Hecklers tend to amuse themselves more than they amuse the heckled and the heckler-adjacent.
Occasionally, however, heckling becomes an art form all its own.
Case in point: “The Rocky Horror Picture Show.”
That is not the case in point I want to point out, however.
The absolute pinnacle of heckling as entertainment occurred on a long-running cable show in which puppets portrayed robots and doughy Midwesterners portrayed castaways in space. “Mystery Science Theater 3000.”
There was a story line involving mad scientists using the worst films ever committed to celluloid as a form of punishment, but all the cheeseball trappings and goofball interstitials were all just an excuse to mock exceptionally mockable movies.
The show, canceled in 1999, is celebrating the 20th anniversary of its birth with a tricked-out boxed set of DVDs and collectibles. And the man who created “Mystery Science Theater 3000” in 1988 but walked away from it in 1993 is talking about the show again after many years of relative silence.
Joel Hodgson says he got the idea for “Mystery Science Theater” in high school.
“I was listening to Elton John’s album ‘Goodbye Yellow Brick Road’ while working on a float,” he says. “There were illustrations for every song and one was of three heads watching a Clark Gable movie.”
Hodgson says it occurred to him that silhouettes cracking jokes at the expense of a movie might make for a good, not to mention inexpensive, show.
Flash forward a dozen years or so.
It’s 1987 and Hodgson is a successful comedian, illusionist and puppeteer who appears regularly on “Late Night with David Letterman” and “Saturday Night Live.”
Hodgson befriends Jim Mallon, a production manager at KTMA, a UHF station in St. Paul, Minn., and the pair decide to shoot a pilot based on his silhouette premise.
The sci-fi film “Silent Running” provided inspiration for the show’s “man and robots marooned in space” plot, and Hodgson built the sets and props himself in a single evening.
“Mystery Science Theater 3000,” aka “MST3K,” premiered on Thanksgiving 1988 with a cast composed of Hodgson and two Minnesota comedians, Trace Beaulieu and Josh Weinstein.
“I knew Trace and Josh because we were in a writing group together,” Hodgson says. “They were the funniest guys I knew and also more openminded than most stand-up comics.”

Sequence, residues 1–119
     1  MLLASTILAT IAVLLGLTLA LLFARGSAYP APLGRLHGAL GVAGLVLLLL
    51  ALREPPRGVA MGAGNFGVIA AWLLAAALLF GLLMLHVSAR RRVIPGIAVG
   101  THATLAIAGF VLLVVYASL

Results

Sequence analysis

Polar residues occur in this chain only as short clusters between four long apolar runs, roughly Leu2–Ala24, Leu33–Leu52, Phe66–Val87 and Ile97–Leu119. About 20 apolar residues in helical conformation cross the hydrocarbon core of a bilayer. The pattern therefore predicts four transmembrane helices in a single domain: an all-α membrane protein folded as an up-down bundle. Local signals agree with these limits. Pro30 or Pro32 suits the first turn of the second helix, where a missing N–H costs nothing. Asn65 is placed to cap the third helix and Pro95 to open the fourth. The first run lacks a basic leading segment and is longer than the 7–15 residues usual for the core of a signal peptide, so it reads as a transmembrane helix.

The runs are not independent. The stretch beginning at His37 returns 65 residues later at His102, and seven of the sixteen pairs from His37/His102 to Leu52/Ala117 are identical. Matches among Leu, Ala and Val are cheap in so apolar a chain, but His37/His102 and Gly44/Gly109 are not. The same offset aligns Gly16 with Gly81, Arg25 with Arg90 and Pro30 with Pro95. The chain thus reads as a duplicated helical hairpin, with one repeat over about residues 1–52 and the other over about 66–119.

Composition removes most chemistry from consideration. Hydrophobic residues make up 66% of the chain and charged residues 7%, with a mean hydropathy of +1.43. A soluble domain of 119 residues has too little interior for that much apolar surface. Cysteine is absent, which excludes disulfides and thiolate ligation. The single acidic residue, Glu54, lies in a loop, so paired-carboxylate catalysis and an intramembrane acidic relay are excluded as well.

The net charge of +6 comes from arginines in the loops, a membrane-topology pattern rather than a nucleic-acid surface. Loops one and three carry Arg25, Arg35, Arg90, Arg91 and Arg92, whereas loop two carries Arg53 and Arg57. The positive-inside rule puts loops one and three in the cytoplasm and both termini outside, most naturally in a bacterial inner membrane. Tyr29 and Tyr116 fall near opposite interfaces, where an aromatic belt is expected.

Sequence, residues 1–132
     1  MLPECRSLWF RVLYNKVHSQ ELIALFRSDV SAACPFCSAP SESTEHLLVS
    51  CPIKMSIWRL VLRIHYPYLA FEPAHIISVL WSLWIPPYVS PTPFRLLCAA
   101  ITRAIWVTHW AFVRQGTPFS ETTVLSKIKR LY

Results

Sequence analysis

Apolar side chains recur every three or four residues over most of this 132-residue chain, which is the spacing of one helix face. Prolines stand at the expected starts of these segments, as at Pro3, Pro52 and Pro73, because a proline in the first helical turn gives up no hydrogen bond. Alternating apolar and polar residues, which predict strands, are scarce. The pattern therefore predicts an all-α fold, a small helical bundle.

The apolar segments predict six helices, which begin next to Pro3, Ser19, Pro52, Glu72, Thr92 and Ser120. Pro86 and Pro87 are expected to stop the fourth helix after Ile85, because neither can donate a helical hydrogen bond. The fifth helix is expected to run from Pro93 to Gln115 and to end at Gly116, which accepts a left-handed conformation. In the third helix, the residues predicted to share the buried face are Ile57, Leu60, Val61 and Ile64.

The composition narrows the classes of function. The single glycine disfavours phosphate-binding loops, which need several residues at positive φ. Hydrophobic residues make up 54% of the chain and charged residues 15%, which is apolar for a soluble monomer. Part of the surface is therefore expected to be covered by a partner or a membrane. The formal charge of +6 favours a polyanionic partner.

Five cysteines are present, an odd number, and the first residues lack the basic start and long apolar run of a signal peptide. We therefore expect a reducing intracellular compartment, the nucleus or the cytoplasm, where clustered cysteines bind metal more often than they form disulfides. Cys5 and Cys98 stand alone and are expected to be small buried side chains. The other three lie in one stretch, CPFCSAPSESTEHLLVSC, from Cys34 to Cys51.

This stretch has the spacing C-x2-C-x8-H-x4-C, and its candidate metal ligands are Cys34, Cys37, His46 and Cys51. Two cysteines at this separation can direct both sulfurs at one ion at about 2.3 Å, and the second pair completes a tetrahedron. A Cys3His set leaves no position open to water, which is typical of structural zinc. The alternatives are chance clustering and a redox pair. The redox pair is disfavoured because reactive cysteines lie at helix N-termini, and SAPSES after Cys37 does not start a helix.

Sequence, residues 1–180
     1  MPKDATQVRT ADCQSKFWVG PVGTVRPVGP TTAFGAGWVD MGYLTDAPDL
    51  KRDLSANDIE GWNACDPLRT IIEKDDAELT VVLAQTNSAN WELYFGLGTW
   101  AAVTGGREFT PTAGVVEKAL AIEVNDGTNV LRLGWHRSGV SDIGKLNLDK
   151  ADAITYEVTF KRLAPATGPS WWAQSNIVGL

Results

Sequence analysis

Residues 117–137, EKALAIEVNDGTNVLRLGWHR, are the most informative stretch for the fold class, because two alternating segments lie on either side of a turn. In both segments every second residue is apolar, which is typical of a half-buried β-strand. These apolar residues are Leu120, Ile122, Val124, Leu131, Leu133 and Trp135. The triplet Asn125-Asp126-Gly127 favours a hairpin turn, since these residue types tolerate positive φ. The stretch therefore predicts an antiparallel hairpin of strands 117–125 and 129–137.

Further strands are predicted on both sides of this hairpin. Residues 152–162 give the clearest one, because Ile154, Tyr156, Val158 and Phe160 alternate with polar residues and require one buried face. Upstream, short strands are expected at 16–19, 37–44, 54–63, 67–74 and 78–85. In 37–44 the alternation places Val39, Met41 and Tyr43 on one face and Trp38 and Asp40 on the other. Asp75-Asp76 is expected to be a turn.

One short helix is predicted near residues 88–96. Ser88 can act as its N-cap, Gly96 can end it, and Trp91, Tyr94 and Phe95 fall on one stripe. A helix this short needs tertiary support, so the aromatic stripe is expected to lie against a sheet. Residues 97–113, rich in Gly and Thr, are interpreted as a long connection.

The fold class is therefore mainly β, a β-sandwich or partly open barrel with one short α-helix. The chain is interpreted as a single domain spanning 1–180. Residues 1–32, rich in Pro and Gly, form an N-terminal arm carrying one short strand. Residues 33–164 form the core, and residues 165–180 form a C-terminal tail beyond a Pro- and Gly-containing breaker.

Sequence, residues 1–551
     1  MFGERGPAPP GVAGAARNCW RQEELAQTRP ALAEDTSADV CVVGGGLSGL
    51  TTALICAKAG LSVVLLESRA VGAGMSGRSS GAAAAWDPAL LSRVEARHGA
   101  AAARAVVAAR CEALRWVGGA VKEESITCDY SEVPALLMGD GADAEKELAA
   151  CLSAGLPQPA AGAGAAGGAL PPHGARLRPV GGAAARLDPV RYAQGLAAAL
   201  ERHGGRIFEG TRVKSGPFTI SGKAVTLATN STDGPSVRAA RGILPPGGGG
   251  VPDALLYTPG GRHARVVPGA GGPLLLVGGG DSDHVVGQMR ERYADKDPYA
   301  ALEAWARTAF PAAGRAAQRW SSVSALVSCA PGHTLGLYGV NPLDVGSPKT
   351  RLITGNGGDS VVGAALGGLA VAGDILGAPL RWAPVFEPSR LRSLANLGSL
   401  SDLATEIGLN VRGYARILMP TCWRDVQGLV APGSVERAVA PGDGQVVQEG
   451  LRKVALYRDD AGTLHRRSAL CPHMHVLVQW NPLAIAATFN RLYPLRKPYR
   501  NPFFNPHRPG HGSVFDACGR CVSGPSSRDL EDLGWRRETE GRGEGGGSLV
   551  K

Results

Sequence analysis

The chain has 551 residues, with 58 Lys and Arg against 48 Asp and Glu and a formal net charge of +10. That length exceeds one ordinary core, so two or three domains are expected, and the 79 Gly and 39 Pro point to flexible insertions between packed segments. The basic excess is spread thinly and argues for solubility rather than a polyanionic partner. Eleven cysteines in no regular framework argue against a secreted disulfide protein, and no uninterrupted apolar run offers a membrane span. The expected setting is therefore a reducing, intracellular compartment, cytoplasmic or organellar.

The first year of the show on KTMA was totally improvised and unscripted, and Hodgson believes it’s nearly unwatchable as a result.
“I cut together a highlight reel of the show’s funniest moments,” Hodgson says. “But I said to Jim, ‘Look, if we’re going to get paid to do this, then each episode has to be as funny as this (highlight reel).’ ”
From that point, the show was meticulously scripted and rehearsed, with jokes culled from multiple viewings of the films.
Hodgson’s highlight reel caught the interest of execs at the fledgling Comedy Channel (which later merged with a network called Ha! to create Comedy Central).
The show ran for seven seasons on Comedy Central, but Hodgson left in the middle of the fifth.
He has always claimed that his departure was motivated by fatigue, but Hodgson now acknowledges he was having creative differences with Mallon.
The cast and crew had been offered the opportunity to do a feature film version of the show and Mallon wanted to direct it, Hodgson says.
“There had always been a strict division up to that point,” Hodgson says. “I ran creative. He ran production. He was a very good line producer.
“I told him, ‘If you direct the movie, I don’t want to be on camera,’ ” Hodgson says. “I was serious.”
After that, Hodgson says, things became very uncomfortable for him on the set.
“It was like we couldn’t tell the kids mommy and daddy were fighting,” he says. “So daddy just had to go away.”
Hodgson says he envisioned various loyalists splitting into two camps and splitting the show apart as a result.
So he left.
Hodgson calls it “one of the big personal tragedies of (his) life.”
The show went on for a season and a half on Comedy Central and three seasons on the Sci-Fi Channel with head writer Mike Nelson at the helm (Hodgson calls Nelson a “really talented, super funny guy”).
Mallon shut Hodgson out of everything “MS3TK”-related for a long time, Hodgson says, but they have since called a shaky truce.
Now, after years of perusing various projects, the former cast and crew members of “MST3K” are mocking bad movies again.
Mike Nelson and friends are over at Rifftrax.com, Hodgson and his stalwarts can be found at CinematicTitanic.com and Mallon is producing new “MST3K” cartoons at MST3K.com.
Hodgson says he isn’t surprised that he’s still talking about “Mystery Science Theater 3000” two decades later because everyone involved in the show gave it their best effort.
But he is surprised when people tell him how the show affected them.
“When I meet people who tell me they show it to their grandkids and people who had traumatic experiences and say watching the show made them feel better,” Hodgson says, “that’s clearly outside of what anybody was thinking in the beginning.”